The questions were looming earlier in the season when David Ortiz was struggling at the plate.
Were his days in a Red Sox uniform coming to an end?
Was he too old to remain an effective DH?
Was he unable to keep up with a Major League fastball?
Ortizhas answered the skeptics, quietly proving his point on July 26 against the Tigers with a four hit game and career high seven RBIs.
The next day he hit is 20th homer of the season, making it the 14th straight season that he has reached that mark. He is second on the Red Sox all time list in that category behind the legendary Ted Williams who had 16 straight seasons with 20 or more homers.
Then Ortiz hit a double off the Green Monster later that week to pass Hall of Famer Andre Dawson for 37th place on baseball's all-time RBI list, and the achievements continue to accumulate this year.
So what was the solution to his struggles? What was he doing wrong?
When asked by Alec Shirkey of mlb.com, Ortiz replied, "At some point, I was like, 'I'm just going to try to trust my hands and let things happen like how I used to do it,' and I'm back."
It all started to turn around on June 11, when he hit the first of 14 home runs in his last 44 games. His .278 AVG and a .972 OPS over that span is impressive, but drawing nearly as many walks (27) as strikeouts (28) is showing that he is being necessarily selective.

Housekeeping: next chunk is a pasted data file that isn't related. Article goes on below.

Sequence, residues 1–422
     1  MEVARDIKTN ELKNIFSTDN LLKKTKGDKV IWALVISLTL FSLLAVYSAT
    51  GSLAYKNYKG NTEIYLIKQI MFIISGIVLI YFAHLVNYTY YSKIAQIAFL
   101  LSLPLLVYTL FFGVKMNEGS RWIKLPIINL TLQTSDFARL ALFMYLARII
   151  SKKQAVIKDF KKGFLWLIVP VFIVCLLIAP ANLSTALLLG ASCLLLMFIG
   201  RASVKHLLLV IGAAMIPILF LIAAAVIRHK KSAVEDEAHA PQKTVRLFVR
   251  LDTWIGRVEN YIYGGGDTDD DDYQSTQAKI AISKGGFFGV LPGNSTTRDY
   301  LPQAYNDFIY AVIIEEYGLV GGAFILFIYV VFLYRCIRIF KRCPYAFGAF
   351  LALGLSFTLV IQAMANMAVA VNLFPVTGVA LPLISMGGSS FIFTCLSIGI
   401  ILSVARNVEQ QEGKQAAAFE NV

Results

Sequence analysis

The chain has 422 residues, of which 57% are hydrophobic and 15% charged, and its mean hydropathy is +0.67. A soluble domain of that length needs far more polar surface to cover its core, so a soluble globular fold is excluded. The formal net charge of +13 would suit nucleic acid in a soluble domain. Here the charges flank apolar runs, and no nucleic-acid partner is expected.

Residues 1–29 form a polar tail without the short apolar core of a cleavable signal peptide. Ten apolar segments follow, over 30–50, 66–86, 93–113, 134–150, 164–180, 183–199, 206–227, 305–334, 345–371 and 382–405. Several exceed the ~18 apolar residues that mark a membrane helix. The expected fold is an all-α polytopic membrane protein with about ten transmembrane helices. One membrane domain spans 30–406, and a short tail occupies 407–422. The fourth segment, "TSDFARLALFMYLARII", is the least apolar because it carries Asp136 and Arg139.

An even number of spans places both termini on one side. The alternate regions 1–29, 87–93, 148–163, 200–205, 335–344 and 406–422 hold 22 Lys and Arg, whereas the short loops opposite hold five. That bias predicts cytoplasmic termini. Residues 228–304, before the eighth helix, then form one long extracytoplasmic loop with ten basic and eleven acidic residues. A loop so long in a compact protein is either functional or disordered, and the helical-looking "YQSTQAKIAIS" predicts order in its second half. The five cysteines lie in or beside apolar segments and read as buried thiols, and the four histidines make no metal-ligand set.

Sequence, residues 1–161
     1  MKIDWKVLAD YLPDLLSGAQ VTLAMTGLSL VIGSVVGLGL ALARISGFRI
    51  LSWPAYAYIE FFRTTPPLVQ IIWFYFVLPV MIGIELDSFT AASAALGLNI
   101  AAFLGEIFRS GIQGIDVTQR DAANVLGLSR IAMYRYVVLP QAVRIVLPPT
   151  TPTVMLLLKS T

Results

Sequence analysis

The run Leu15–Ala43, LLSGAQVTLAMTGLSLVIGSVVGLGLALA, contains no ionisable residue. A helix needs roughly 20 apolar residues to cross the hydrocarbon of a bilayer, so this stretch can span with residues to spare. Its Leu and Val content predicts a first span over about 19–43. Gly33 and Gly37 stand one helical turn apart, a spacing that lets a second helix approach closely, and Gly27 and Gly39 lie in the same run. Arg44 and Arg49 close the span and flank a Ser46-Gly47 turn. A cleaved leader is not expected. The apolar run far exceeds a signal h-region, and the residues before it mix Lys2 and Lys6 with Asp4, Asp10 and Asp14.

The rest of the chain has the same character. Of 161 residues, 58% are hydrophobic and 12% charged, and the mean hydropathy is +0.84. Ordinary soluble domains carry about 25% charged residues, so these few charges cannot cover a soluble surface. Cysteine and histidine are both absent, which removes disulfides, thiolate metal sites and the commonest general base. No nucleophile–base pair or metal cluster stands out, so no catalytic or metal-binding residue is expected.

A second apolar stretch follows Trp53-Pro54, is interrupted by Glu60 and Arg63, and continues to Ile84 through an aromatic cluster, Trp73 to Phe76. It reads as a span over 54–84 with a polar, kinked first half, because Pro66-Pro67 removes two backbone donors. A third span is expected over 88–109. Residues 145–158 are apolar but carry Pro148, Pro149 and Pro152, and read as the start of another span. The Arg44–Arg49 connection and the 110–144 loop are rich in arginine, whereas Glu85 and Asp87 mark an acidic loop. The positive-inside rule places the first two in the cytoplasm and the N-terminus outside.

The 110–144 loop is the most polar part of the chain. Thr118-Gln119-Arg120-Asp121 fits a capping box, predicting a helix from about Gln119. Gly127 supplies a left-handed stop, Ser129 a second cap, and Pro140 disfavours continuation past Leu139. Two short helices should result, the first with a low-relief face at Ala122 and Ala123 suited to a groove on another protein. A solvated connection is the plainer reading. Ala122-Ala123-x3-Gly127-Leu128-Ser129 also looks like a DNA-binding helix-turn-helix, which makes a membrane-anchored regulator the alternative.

As Ortiz was quoted in a conversation with WEEI, "I work hard. I get ready. Pitchers, they know that my jersey says ‘Ortiz’ on my back. People need to sit down before they start talking and just watch the game a little more closely. Pitchers don’t put them on a tee for me. I’ve got to go get it."
Indeed, with a lifelong reputation for good hitting, they certainly don't put it on a tee for Big Papi, but he continues to hit the ball hard. The current trend in baseball to use the shift against him has had it's effect.
"The shift is probably the one thing that's hurt him the most," hitting coach Chili Davis said. "He's hit so many balls in that four-hole between second and first, and there's a guy standing in short right field to field it. Normally, for any other left-handed hitter, it's a base hit. I think a lot of reasons why offense, batting average is down, is pretty much because of the shift. Guys have a tendency to hit balls, especially ground balls, in a certain area. Teams are now playing the odds."
With Ortiz turning 40 in November one can speculate on the chances of him returning in the 2016 season, but it seems pretty likely that the Red Sox will pick up his $10 million team option.
Ortiz will pump that figure up to $11 million with just 10 more plate appearances to vest that option for 2016. He could hit escalators that push next year's salary to $16 million if he gets up to 600 plate appearances.
“That’s the way we pretty much agreed to do things,” he said of Red Sox management. “You know me, I get greedy when it comes down to performance. I want to put up numbers. I agreed to do it that way, because if I don’t put up numbers, what would be the reason to continue playing?”
Good to see that our beloved Big Papi will be here to see the turn around that will be the 2016 Red Sox, right?
Eric is a contributing writer since 2013 and a true Overseas Fan of the Boston Red Sox living in the Netherlands. He's spent years on baseball fields around the world pitching. His weekends are now spent helping the next generations of pitchers to find their passion and love for the sport. More articles by Eric: https://www.redsoxlife.com/search/label/ericschabell